Don’t waste the valuable resource and useful tool that is always with you.
When you speak, others may hear and notice what you say, but not nearly as much as how you say it.
The way you use your voice can and does convey an astounding array of emotions and traits. It holds the key to getting and keeping attention, demonstrating confidence and credibility, and communicating the three ingredients of charisma: presence, power, and warmth. Your voice is more than one of many physiological functions your human body can perform. It is a simple yet mighty tool — a tool it pays to learn how to use.
Really, what it comes down to, is knowing when and how to vary your voice tone in order to get your intended message across. You have three dials to play with and you can turn them up or down at will: Pace, Pitch, and Power. Here are tips on how to adjust those dials for maximum impact.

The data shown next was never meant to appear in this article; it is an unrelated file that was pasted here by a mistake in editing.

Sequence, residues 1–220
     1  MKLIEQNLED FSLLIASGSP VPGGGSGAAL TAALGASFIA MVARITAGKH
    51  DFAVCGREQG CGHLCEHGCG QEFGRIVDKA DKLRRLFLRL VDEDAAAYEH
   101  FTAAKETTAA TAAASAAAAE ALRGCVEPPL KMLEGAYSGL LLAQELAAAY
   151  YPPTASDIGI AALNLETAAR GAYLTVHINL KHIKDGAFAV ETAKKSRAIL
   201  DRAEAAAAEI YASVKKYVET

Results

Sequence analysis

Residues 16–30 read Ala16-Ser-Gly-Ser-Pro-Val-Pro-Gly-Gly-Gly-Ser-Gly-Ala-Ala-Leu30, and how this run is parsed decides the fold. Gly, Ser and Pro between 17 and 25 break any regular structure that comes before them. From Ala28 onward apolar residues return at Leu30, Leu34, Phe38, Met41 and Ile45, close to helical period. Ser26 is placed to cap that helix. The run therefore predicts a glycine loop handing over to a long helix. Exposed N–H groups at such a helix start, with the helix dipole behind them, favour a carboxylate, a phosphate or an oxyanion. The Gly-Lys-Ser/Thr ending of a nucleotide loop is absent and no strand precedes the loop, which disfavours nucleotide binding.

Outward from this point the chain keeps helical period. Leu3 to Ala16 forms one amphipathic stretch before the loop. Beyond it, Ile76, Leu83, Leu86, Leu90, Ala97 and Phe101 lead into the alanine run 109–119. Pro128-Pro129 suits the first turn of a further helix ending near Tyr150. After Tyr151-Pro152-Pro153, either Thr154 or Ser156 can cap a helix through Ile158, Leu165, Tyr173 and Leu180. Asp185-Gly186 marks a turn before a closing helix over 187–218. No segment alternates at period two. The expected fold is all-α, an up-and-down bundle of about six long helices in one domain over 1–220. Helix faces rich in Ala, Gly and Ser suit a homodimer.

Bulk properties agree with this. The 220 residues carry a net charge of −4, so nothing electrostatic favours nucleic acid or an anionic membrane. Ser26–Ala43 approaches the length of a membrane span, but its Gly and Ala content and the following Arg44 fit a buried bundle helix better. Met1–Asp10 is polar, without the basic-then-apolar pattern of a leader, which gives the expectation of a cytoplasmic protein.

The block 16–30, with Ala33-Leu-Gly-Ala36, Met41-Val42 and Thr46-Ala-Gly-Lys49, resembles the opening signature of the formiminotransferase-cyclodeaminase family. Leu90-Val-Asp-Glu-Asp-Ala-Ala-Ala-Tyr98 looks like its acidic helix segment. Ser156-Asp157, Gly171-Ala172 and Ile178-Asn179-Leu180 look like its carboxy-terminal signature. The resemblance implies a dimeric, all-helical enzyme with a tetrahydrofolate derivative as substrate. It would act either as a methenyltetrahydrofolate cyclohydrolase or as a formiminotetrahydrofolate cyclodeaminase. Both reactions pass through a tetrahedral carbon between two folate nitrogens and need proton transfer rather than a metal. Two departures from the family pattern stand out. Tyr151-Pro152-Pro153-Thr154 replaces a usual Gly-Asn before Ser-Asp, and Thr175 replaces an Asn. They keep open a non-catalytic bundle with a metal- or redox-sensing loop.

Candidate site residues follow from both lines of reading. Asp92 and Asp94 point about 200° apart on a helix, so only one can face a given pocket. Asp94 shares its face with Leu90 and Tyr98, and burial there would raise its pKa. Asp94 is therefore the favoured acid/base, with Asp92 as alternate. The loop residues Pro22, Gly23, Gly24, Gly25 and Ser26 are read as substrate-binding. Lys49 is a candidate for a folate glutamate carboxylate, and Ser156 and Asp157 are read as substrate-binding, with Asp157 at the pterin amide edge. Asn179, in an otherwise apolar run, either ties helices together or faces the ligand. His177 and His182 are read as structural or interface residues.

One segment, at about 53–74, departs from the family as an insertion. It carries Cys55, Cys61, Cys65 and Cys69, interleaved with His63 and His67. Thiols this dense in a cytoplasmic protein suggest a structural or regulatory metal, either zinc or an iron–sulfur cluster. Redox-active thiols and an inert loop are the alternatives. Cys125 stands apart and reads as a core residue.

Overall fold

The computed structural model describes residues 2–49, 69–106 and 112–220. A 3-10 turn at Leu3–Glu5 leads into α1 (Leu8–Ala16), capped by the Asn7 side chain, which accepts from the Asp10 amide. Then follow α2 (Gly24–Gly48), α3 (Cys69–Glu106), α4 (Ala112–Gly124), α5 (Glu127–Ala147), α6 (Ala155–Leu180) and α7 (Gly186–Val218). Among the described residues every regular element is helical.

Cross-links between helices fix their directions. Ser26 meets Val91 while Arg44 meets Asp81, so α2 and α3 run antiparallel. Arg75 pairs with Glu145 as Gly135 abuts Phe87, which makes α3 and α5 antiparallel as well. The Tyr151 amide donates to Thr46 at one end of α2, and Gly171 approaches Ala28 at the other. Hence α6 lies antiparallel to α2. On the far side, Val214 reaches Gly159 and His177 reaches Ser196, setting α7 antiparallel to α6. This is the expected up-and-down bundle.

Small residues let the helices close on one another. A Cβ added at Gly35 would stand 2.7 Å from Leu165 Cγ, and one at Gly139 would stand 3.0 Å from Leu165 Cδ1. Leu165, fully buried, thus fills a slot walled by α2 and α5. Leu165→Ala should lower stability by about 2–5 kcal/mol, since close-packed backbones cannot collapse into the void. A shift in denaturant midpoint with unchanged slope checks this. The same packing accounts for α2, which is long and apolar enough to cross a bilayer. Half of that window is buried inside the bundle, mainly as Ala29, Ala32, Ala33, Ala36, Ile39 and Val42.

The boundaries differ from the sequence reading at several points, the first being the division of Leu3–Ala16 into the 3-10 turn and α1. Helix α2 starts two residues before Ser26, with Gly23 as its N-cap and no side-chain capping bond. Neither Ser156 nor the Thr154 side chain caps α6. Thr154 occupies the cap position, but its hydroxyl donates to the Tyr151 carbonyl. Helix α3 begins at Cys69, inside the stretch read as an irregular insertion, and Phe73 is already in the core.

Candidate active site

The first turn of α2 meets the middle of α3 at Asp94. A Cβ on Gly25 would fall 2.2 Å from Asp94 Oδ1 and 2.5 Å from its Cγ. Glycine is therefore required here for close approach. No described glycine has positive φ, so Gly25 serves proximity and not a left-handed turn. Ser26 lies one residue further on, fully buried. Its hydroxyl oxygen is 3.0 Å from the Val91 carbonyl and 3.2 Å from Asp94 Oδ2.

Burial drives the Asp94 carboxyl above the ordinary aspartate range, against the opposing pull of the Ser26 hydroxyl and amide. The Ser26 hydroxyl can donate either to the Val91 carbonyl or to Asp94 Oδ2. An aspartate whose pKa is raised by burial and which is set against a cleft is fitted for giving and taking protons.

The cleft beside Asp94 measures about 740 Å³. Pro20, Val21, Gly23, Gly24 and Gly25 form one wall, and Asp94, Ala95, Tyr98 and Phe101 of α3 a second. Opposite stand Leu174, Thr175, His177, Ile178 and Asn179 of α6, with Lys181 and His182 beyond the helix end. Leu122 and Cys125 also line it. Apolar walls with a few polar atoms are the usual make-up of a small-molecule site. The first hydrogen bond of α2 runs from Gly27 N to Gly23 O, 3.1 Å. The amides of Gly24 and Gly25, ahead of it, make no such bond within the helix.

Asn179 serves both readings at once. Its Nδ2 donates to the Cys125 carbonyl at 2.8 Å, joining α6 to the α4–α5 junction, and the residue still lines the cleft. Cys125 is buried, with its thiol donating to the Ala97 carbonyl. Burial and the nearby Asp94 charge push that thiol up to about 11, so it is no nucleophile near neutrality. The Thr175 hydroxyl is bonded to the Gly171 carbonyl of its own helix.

I love the K.I.S.S. principle (Keep It Simple, Stupid) and there’s nothing more simple than pace. You can talk fast, you can talk slow, or you can talk somewhere in the middle. The goal is not to keep a steady pace. You’re not a tortoise — and especially if you’re trying to keep attention, slow and steady does not win. It puts your listener to sleep!
The middle range — a conversational talking speed — is easiest to listen to. Let that be the baseline, even when you’re in front of a group. From your mid-range baseline, however, be sure to sometimes slow down or speed up.
Speaking slowly adds weight to your message. If you also include some well-timed pauses, you nonverbally mark your words: “This is important!” Your audience will remember more if you let them hang on your words and give them space to sink in. Obviously (I hope), you don’t want to speak w i t h m e a s u r e d d e l i b e r a t i o n all the time. Overusing a slow talking speed degrades its power; it gets boring! Save slow words peppered with pauses for the big stuff.
Speaking quickly, on the other hand, conveys excitement, enthusiasm, or passion. You need to still be understandable, of course. But you can add energy to your conversation or presentation by allowing yourself to pick up the pace when it makes sense.